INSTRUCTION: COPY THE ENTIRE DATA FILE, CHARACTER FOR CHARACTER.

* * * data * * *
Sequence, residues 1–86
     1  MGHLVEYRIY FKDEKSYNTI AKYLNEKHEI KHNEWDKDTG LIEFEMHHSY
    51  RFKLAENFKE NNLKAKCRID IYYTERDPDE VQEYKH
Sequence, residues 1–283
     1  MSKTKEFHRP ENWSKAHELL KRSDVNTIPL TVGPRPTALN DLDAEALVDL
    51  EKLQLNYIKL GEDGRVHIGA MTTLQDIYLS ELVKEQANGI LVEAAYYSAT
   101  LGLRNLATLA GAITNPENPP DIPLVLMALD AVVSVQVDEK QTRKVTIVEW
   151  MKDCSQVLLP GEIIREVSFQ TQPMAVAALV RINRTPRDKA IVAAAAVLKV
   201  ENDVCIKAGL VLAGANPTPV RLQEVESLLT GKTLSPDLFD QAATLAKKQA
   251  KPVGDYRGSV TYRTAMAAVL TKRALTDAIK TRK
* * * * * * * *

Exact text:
Sequence, residues 1–86
     1  MGHLVEYRIY FKDEKSYNTI AKYLNEKHEI KHNEWDKDTG LIEFEMHHSY
    51  RFKLAENFKE NNLKAKCRID IYYTERDPDE VQEYKH
Sequence, residues 1–283
     1  MSKTKEFHRP ENWSKAHELL KRSDVNTIPL TVGPRPTALN DLDAEALVDL
    51  EKLQLNYIKL GEDGRVHIGA MTTLQDIYLS ELVKEQANGI LVEAAYYSAT
   101  LGLRNLATLA GAITNPENPP DIPLVLMALD AVVSVQVDEK QTRKVTIVEW
   151  MKDCSQVLLP GEIIREVSFQ TQPMAVAALV RINRTPRDKA IVAAAAVLKV
   201  ENDVCIKAGL VLAGANPTPV RLQEVESLLT GKTLSPDLFD QAATLAKKQA
   251  KPVGDYRGSV TYRTAMAAVL TKRALTDAIK TRK